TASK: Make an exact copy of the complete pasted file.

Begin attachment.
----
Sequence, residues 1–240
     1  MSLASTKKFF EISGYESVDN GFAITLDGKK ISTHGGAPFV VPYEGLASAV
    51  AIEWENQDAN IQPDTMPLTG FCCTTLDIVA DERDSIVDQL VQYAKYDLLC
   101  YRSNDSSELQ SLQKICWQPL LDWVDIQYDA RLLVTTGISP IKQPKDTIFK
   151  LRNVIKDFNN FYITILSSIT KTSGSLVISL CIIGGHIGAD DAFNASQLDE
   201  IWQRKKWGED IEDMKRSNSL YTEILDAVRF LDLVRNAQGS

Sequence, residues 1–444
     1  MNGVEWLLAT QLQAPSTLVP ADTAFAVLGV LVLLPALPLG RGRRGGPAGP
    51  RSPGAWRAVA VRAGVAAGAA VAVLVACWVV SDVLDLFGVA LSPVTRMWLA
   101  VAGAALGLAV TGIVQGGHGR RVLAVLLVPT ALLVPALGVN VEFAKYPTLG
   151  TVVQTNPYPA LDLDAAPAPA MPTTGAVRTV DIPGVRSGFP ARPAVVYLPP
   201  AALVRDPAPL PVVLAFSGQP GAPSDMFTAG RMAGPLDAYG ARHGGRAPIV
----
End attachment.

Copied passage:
Sequence, residues 1–240
     1  MSLASTKKFF EISGYESVDN GFAITLDGKK ISTHGGAPFV VPYEGLASAV
    51  AIEWENQDAN IQPDTMPLTG FCCTTLDIVA DERDSIVDQL VQYAKYDLLC
   101  YRSNDSSELQ SLQKICWQPL LDWVDIQYDA RLLVTTGISP IKQPKDTIFK
   151  LRNVIKDFNN FYITILSSIT KTSGSLVISL CIIGGHIGAD DAFNASQLDE
   201  IWQRKKWGED IEDMKRSNSL YTEILDAVRF LDLVRNAQGS

Sequence, residues 1–444
     1  MNGVEWLLAT QLQAPSTLVP ADTAFAVLGV LVLLPALPLG RGRRGGPAGP
    51  RSPGAWRAVA VRAGVAAGAA VAVLVACWVV SDVLDLFGVA LSPVTRMWLA
   101  VAGAALGLAV TGIVQGGHGR RVLAVLLVPT ALLVPALGVN VEFAKYPTLG
   151  TVVQTNPYPA LDLDAAPAPA MPTTGAVRTV DIPGVRSGFP ARPAVVYLPP
   201  AALVRDPAPL PVVLAFSGQP GAPSDMFTAG RMAGPLDAYG ARHGGRAPIV